Iowa's primary on Tuesday could lead to something we've seen only once in the last 50 years: the parties picking their candidates by convention.
If no candidate gets 35 percent of the vote, voters will effectively cede their nominating power to the state party convention later this month. So while state Sen. Joni Ernst (R) is the clear favorite for the Republican U.S. Senate nomination heading into Tuesday, if she falls short of that threshold, all bets are off.
The rarely-invoked rule highlights the odd ways that several states nominate their candidates. Below, we rank the most bizarre of them all:
1. IOWA -- The "35 or everyone's alive" primary
Some states attempt to nominate or endorse candidates through state party conventions before the primary. In Iowa, they use the convention as a backup plan.
And the 35 percent threshold isn't just an issue in the Senate race; it's also quite possible it will settle the GOP primary in the all-important 3rd district race and possibly even the Democratic primary in the northeastern 1st district, which could be in-play come November.
Conventions have historically meant that underfunded and more ideological candidates have a better shot, so whether or not things proceed in that direction matters.
Notable historical example: This actually hasn't happened since 2002. That year, the state GOP nominated one Rep. Steve King (R-Iowa), who is now one of the leading conservative crusaders in Congress. Prior to that, it hadn't happened since 1964!
2. UTAH -- The all-important convention
In no state is the state party convention more important. That's because candidates will, more often than not, win the nomination outright before a primary is ever held.
Both state party conventions feature multi-ballot processes in which the field is narrowed until one candidate gets 60 percent of the vote. If there are just two candidates left and nobody gets to 60 percent, it goes to a primary.
Notable historical example: Sen. Robert Bennett (R-Utah) didn't even make the final two in 2010, leaving now-Sen. Mike Lee (R-Utah) and former congressional candidate Tim Bridgewater to duke it out in the primary. Bridgewater, notably, just missed attaining 60 percent of the vote in the final tally, which would mean he would be senator today rather than Lee.
3. LOUISIANA -- The "jungle" primary
If you're waiting for the Louisiana primary, keep waiting. This is the only state that holds its primary -- a nonpartisan one -- on Election Day. If no candidate gets to 50 percent plus one, the top two go to a runoff in December -- a month after election season ended for everybody else.
The system was instituted (naturally) by former governor Edwin Edwards (D), who didn't really like having to run a primary campaign and a primary runoff campaign against Democrats before heading to the general election.
Notable historical examples: Sen. Mary Landrieu (D-La.) who seems likely to face a December runoff this year, has needed them in two of here three campaigns for Senate. The best runoff, though, is probably the 1991 governors race, in which Republicans split up 64 percent of the vote on Election Day, but Edwards won the runoff over former KKK grand wizard David Duke (R). No wonder Edwards picked that system.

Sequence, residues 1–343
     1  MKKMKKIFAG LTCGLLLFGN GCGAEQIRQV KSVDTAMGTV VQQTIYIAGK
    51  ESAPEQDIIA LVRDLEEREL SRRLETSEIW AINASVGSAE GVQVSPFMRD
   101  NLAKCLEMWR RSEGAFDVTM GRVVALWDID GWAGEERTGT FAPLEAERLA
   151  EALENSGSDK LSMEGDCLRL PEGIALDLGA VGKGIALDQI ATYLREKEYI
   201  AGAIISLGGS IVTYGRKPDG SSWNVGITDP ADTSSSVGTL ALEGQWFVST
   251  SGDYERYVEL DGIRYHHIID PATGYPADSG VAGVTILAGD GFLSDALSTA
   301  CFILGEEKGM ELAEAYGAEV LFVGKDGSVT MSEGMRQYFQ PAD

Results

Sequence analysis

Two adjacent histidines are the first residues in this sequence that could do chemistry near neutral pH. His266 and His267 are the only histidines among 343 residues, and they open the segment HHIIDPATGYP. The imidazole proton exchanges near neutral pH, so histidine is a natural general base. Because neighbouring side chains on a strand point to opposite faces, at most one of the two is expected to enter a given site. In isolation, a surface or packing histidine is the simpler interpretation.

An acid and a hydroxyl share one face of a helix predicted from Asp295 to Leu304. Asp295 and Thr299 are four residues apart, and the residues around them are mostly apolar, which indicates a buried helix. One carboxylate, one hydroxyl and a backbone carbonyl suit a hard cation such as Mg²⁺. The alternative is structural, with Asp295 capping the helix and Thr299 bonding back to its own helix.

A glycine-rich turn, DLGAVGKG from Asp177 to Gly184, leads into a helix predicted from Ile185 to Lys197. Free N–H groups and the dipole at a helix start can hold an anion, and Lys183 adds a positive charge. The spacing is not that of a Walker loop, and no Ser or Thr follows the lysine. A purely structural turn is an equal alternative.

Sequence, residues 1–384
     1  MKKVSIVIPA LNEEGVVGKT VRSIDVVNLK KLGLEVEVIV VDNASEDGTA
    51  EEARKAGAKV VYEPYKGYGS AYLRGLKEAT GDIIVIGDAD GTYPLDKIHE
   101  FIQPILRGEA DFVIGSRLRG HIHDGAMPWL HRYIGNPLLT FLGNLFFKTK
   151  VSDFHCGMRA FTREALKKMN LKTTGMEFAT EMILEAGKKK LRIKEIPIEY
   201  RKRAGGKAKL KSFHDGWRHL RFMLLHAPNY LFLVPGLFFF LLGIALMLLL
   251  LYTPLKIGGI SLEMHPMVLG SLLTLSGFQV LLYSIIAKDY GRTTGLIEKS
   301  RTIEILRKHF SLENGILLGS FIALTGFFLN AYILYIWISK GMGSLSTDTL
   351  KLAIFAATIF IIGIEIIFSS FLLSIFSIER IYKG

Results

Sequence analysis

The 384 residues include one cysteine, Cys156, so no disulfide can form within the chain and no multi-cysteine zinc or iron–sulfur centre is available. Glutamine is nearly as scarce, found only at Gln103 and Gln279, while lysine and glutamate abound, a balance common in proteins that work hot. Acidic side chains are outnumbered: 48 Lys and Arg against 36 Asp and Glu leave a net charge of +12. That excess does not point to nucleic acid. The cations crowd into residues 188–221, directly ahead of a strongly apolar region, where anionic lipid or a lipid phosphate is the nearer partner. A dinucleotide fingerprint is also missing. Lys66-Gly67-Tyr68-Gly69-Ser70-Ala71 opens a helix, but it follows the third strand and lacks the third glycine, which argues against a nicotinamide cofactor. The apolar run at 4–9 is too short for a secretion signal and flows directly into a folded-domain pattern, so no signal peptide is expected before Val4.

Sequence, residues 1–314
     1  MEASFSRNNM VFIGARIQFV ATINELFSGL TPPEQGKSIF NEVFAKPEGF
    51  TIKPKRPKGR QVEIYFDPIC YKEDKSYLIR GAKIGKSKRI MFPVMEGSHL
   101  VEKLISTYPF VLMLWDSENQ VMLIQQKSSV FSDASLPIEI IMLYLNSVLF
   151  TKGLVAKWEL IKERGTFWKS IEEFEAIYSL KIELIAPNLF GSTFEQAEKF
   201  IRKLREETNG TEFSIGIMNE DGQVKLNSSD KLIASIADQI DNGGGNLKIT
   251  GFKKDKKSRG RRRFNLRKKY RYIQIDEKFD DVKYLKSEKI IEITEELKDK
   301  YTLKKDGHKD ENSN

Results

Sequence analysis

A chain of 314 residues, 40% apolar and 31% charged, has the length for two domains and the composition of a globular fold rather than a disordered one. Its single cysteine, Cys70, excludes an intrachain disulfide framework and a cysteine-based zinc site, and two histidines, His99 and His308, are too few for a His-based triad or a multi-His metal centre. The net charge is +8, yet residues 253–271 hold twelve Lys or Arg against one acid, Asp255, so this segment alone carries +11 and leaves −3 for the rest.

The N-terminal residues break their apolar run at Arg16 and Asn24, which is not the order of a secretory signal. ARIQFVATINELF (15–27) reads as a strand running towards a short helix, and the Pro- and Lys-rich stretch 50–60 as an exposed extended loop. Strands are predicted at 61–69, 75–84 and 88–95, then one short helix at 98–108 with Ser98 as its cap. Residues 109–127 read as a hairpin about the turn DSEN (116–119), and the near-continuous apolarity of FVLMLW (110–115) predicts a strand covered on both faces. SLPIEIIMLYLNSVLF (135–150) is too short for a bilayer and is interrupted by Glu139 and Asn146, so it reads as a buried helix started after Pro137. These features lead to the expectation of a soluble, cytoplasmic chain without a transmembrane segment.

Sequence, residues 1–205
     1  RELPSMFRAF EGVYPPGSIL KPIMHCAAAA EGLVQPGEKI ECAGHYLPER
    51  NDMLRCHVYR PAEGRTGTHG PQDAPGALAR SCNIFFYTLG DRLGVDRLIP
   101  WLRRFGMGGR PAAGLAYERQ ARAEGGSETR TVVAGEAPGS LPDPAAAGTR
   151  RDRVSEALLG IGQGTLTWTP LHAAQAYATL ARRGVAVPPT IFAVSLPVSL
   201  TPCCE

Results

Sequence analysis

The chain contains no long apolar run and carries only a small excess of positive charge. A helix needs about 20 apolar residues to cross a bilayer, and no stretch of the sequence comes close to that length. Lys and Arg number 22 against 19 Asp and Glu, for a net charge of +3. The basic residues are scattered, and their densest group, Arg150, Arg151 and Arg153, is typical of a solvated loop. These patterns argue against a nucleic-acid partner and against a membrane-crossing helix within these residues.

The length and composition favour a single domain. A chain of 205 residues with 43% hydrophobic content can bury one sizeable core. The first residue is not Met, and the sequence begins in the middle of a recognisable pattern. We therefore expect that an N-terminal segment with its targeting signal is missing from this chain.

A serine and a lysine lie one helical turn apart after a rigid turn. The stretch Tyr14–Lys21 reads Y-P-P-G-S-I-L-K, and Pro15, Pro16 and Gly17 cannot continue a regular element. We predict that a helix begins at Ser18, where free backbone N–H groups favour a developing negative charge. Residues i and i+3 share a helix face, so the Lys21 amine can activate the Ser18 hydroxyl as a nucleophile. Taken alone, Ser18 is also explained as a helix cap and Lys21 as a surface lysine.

4. CALIFORNIA/WASHINGTON -- The "top two" primary
Both of these states effectively have Louisiana's system, with two differences: 1) the open primary is held well before Election Day, and 2) the top two candidates proceed to the November general election, regardless of whether one of them got more than 50 percent the first time.
California is also holding its primary on Tuesday, so expected plenty of talk about this system Tuesday.
Notable historical example: California Democrats fell victim to this system in its first year. In Rep. Gary Miller's (R-Calif.) district, Democrats split up the vote so much that two Republicans advanced to the general election -- in a 57 percent Obama district.
5. VIRGINIA -- Parties' choice
Virginia law allow for nominating candidates via either a party convention or via a primary -- whichever either party wants to do in any given race. Not surprisingly, the parties generally like to nominate via convention, because it means they have more control over the process.
The upshot is that conventions tend to pick more ideologically pure candidates, while moderates stand better chances in primaries, where other things come into play, including fundraising and campaigning.
(This also means that, as candidates are trying to decide whether to run in the first place, one of the biggest determinants will generally be which method is chosen.)
Notable historical examples: In 2008, moderate Rep. Tom Davis (R-Va.) opted not to run for Senate after the state party chose to nominate by convention. And last year, the state GOP's decision to use a convention effectively pushed Lt. Gov. Bill Bolling out of the GOP race against Attorney General Ken Cuccinelli, the more conservative candidate.
It also meant the GOP nominated E.W. Jackson, a divisive conservative candidate, for lieutenant governor. Just two years earlier, Jackson took less than 5 percent (NOT a typo) in the state's GOP Senate primary against former senator George Allen (R-Va.).